Given the delicate past of India, Pakistan and Bangladesh, the quagmire is dangerous. The three countries have been involved in multiple wars, while separatist groups continue to fight within borders of all three countries, with serious accusations of cross-border government support.

Sensations run extremely high when countries, divided by border but bounded by ancestral bond, collide on or off the field. Thus, it should be treated with extreme caution and care.

Where does one draw the line?

Back in 2007, on August 14, my brother and I were driving back from the 4th Gwadar Off-Road Freedom Rally. We stopped in the beautiful beach town of Ormara to get some high-quality Iranian fuel. I walked across to an ice vendor and requested him to fill up my ice box.

I asked, “How come I don’t see any Pakistani flags here? It’s Independence day.”

He responded, “this is not your Pakistan; it’s our Balochistan.”

I noticed a small black flag fluttering outside his hut as I walked back to my vehicle.

While the ice vendor in Ormara has the right to hoist whichever flag he wants on his private property, the absence of Pakistani flags on her Independence day over a drive of 600 kms from Gwadar to Hub Chowki should be a serious cause of concern for the authorities that run the province, and more so for those who control the show in Islamabad.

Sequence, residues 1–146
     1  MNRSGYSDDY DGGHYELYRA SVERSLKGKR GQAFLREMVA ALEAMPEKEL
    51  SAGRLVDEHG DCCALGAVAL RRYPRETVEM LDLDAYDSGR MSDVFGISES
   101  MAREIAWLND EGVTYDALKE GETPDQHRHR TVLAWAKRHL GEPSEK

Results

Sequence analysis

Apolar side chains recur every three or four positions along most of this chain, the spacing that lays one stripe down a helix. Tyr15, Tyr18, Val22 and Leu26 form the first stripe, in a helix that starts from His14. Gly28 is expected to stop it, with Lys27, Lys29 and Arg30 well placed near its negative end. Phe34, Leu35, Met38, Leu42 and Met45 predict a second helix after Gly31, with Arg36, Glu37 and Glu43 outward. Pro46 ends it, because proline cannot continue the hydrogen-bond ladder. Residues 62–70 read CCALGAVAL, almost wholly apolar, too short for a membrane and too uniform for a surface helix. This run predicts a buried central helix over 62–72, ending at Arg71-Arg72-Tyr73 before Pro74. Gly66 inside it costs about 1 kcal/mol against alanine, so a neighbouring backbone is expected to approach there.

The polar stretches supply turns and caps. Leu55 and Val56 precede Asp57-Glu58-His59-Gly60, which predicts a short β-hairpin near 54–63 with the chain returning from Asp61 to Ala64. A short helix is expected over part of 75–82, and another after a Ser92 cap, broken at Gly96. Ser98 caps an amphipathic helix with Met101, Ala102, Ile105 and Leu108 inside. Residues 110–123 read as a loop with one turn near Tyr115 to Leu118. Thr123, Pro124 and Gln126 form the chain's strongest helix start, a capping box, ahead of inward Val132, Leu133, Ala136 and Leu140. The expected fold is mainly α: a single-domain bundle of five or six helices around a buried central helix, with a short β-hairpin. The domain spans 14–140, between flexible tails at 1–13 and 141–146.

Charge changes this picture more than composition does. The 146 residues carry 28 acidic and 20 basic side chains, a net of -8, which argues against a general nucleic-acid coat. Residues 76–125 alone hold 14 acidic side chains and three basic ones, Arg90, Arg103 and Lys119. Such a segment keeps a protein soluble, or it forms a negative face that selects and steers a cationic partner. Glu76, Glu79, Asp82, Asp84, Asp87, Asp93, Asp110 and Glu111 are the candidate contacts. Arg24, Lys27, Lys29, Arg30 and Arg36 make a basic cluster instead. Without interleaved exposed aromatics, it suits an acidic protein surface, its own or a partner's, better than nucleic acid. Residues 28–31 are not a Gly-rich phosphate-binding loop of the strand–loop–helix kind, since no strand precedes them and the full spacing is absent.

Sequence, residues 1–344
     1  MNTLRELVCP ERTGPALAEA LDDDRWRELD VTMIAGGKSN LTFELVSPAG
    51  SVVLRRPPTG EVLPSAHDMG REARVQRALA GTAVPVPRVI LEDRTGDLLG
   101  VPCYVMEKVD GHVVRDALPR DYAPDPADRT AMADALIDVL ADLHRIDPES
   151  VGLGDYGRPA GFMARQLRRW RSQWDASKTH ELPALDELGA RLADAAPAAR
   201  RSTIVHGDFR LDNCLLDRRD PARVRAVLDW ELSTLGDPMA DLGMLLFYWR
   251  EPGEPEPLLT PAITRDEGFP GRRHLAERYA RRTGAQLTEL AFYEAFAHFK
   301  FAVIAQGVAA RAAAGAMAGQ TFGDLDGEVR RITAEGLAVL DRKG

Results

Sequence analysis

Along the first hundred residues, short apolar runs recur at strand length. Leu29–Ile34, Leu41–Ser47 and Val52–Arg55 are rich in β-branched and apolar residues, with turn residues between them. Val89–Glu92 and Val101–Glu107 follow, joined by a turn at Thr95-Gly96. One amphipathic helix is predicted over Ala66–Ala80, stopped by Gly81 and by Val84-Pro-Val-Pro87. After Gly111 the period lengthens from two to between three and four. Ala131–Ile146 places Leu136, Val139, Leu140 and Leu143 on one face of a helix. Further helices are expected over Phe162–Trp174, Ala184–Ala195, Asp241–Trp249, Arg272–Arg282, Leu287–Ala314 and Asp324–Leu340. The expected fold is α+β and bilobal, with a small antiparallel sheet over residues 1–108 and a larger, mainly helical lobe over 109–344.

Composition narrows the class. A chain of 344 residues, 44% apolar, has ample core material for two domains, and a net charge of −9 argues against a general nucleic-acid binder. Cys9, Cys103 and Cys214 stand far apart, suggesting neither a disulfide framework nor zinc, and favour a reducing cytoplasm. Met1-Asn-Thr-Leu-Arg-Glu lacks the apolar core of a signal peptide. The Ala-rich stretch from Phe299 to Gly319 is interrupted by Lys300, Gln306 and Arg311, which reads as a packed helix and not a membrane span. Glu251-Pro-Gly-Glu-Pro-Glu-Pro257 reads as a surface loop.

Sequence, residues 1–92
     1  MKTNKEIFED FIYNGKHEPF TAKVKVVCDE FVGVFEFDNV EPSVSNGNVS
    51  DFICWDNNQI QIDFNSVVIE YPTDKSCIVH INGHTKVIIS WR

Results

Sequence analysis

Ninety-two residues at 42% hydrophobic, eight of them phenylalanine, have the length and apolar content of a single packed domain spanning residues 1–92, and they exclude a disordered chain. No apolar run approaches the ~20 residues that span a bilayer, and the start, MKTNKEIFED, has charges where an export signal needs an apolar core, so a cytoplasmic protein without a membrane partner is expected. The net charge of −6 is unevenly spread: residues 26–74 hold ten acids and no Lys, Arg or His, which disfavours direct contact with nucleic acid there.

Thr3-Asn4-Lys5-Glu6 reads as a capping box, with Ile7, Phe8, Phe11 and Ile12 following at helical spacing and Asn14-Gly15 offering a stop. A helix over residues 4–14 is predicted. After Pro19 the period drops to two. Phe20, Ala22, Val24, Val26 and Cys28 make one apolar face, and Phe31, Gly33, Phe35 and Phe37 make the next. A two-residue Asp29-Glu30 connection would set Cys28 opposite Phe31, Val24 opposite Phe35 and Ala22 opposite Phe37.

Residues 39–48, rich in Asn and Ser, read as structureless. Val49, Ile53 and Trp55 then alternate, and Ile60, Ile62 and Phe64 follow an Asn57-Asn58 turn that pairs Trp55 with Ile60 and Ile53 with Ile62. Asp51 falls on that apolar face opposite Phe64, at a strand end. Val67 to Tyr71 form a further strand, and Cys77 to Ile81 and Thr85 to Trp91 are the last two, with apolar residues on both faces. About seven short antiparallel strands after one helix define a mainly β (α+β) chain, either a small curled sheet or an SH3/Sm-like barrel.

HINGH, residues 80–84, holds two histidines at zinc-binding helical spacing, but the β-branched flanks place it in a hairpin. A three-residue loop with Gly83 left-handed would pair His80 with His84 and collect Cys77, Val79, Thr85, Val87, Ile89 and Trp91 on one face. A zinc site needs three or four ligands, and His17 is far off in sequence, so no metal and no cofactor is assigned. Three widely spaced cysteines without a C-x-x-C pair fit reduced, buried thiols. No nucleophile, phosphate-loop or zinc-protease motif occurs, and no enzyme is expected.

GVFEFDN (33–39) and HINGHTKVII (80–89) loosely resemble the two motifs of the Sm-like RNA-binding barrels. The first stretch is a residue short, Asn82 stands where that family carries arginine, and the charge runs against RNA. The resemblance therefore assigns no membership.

In the backdrop of multiple anti-state groups denouncing their allegiance to Pakistan, young Daraz faces charges of “damaging the sovereignty of the country”.

Based on that judgment, a dear Indian friend and a cricket enthusiast — who recently wore my Pakistani jersey during the course of an entire T20 game against England in Dubai — should also be tried for treason by the Indian authorities.

Flags hold contrasting levels of affinity and sentimental bonds. Weight is variable to its use and veneration is often a function of its purpose. A flag bearer in a religious procession is vastly different from a schoolboy holding up his house team banner on sports day, or from a soldier wearing one in battle.

The same flag can also be used to fulfil different objectives. A national flag on a private rooftop differs in significance when the same flag is hoisted at the top of a parliament building.

More than anything else, a flag represents an idea and it is honoured for the spirit it embodies, especially in sport.

Sport has the power to change the world. It has the power to inspire. It has the power to unite people in a way little else does. It speaks to the youth in a language they understand. Sport can create hope where once there was only despair. It is more powerful than the government in breaking down racial barriers. — Nelson Mandela

On that note, I confess that like my fellow countryman, Umar Daraz, I, too, am a fan of Virat Kohli. However, I don’t think I am ready to wear the Indian jersey yet; maybe for M.S. Dhoni someday.

Or perhaps for my Indian friend who wore the Pakistani jersey on my insistence.

Guilty as charged? Not yet.